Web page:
There was no significant difference in the risk of receiving a hysterectomy within 7 years after initial procedures between women undergoing hysteroscopic and laparoscopic sterilizations (0.9% vs 1.2%; HR 0.73, 95% CI 0.53–1.00; Table 2). Over time, the estimated risk of undergoing hysterectomy was 0.1–0.2% every year for women undergoing hysteroscopic and laparoscopic sterilizations (Table 3; Fig. 3). Results from the sensitivity analysis among women whose index procedures did not have a reduced procedure modifier were consistent with the main analysis (Appendix 3, available online at http://links.lww.com/AOG/B250).
In the secondary analyses of cancer incidences among women who did not have cancer at baseline, 10,053 pairs of women undergoing sterilization procedures were matched. There was no difference in the incidences of gynecologic cancer (0.1% vs 0.1%; HR 2.63, 95% CI 0.70–9.91) or other cancers (1.2% vs 1.3%; HR 1.03, 95% CI 0.78–1.36) after initial hysteroscopic and laparoscopic sterilizations (Appendix 4, available online at http://links.lww.com/AOG/B250).
We found that hysteroscopic sterilization was associated with an increased risk of additional tubal intervention within 7 years when compared with laparoscopic sterilization, with the most pronounced difference occurring during the first year after the procedures. Although limited by follow-up time, there was no increased risk of hysterectomy or any cancer after hysteroscopic sterilization during the study period.
Our pioneering study found that hysteroscopic sterilization was associated with an increased risk of repeated tubal sterilization at 1 year,7 which has been confirmed by studies from the United Kingdom and France.8,9 Another study from the United States using commercial insurance data did not find a difference in the risk of undergoing additional surgeries after hysteroscopic and laparoscopic sterilizations.10 The study by Perkins et al had two major limitations, which we addressed in our investigation. First, it did not include women insured by Medicaid, which accounted for almost half of women undergoing sterilization procedures in our study. Second, the authors grouped tubal reinterventions with other procedures including hysterectomies and exploratory surgeries such as laparotomy. We examined tubal procedures, hysterectomies, and cancer incidences separately to conduct a thorough assessment of outcomes after the index sterilization procedures.
Compared with prior studies (median follow-up 3 years, range 1–5),8–10 our study offered insights with longer follow-up. This is particularly important because we showed that the risk of subsequent tubal ligation and resection after initial sterilizations differed by follow-up time-period. The most significant increase in the risk of subsequent tubal ligation and resection after hysteroscopic sterilization occurred during the first and second years. Some of the differences in additional tubal ligation and resection within the first year may be attributable to reduced index procedures secondary to tubal spasm or patient intolerance. In addition, previous clinical trials showed that 3–4% of women undergoing hysteroscopic sterilization had unsatisfactory device location at the 3-month hysterosalpingogram follow-up,1,2 which often required a subsequent procedure to achieve sterilization.
After the 2015 FDA panel discussion, the manufacturer was requested to conduct a postmarket study of hysteroscopic sterilization, with the focus being efficacy.15 However, patient recruitment for the study has been slow and the length of the study is long. More recently, the manufacturer has decided to halt the sale of the device in the United States starting in 2019,16 after stopping marketing the device in several other countries. Under the current circumstances, studies with existing data represent important opportunities to investigate the long-term safety of the device and provide tentative answers to remaining questions. There have been reports of device removal in longer-terms (up to 10 years) after the initial hysteroscopic sterilization.17 The manufacturer estimated that more than 750,000 women received the device.18 For the hundreds of thousands of women with the device already implanted, continuous monitoring of the long-term outcomes after hysteroscopic sterilization is crucial19 given the limited evidence of the risks of the device beyond 7 years.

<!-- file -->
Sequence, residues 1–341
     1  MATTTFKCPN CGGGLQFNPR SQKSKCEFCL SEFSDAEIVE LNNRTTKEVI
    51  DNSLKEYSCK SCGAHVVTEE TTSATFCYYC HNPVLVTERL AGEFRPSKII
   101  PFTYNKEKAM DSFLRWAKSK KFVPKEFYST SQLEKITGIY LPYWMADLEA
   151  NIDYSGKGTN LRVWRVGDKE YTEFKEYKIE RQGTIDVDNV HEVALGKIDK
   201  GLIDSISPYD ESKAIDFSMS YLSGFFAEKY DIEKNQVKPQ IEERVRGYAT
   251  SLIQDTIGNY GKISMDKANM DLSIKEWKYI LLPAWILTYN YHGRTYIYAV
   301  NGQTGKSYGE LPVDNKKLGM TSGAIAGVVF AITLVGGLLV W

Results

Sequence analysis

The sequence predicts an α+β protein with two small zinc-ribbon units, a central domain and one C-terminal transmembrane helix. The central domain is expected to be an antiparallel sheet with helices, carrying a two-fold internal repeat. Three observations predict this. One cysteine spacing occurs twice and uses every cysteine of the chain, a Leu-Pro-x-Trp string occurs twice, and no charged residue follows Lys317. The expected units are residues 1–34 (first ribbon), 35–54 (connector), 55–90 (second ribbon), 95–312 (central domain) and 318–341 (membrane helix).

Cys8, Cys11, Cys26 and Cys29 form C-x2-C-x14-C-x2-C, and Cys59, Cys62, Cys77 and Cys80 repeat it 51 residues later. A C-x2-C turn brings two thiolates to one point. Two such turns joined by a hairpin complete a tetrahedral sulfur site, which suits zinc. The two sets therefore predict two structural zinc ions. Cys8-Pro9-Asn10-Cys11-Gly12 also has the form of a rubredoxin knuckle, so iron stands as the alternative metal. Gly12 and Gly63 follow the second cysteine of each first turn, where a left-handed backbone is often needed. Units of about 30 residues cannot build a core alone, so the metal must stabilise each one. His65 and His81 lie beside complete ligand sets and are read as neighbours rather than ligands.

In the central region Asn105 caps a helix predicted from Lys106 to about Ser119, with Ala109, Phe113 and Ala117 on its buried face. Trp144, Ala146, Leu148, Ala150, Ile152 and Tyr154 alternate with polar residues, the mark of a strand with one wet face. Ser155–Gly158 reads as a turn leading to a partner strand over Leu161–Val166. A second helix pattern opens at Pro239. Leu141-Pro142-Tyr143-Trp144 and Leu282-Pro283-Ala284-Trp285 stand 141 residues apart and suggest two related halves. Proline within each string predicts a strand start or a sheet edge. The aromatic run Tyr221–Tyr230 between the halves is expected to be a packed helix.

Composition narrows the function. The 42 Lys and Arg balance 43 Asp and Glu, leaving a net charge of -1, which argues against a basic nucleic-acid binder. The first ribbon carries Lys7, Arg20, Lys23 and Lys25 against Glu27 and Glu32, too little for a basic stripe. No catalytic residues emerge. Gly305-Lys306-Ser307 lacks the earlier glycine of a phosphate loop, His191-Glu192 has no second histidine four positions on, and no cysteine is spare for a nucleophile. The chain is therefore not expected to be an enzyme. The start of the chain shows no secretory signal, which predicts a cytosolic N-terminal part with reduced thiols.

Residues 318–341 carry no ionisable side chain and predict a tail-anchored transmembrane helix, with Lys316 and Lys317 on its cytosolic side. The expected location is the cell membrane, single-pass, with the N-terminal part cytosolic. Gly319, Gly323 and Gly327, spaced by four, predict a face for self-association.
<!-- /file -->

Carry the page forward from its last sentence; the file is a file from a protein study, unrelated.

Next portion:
There are limitations to our studies. Administrative data lack clinical details and the identification of comorbidities and past conditions relied on diagnosis and procedure codes, which were subject to miscoding. Patient conditions underlying the decision for a hysteroscopic procedure may not have been fully captured. For these reasons, there might be residual confounding. We attempted to create two balanced groups with propensity score matching to account for baseline conditions. Given the significance of the differences in undergoing subsequent tubal ligation and resection in the current analysis, this association is unlikely to disappear with all confounding accounted for. In addition, we were unable to investigate the exact reasons that led to the reinterventions. Studies using other data sources are warranted to address this question. Our study did not include salpingectomy because it is a more aggressive surgical method compared with hysteroscopic and laparoscopic sterilization. With longer-term follow-up, it was possible that some patients relocated to other states and were lost to follow-up. However, by using propensity score matching, loss to follow-up is likely nondifferential between the two groups, and, thus, bias would be toward the null. Finally, our interpretations of cancer incidences must be considered within the context. To reach a more definitive conclusion for the incidences of cancers that affect older women, additional years of follow-up may be needed.
Our study demonstrated the time-varying risk of tubal reintervention associated with hysteroscopic device sterilization, in comparison with traditional laparoscopic sterilization with limited evidence of outcomes after hysteroscopic sterilization and existing reports of removals beyond 7 years, ongoing monitoring of long-term outcomes for women who received the device is warranted.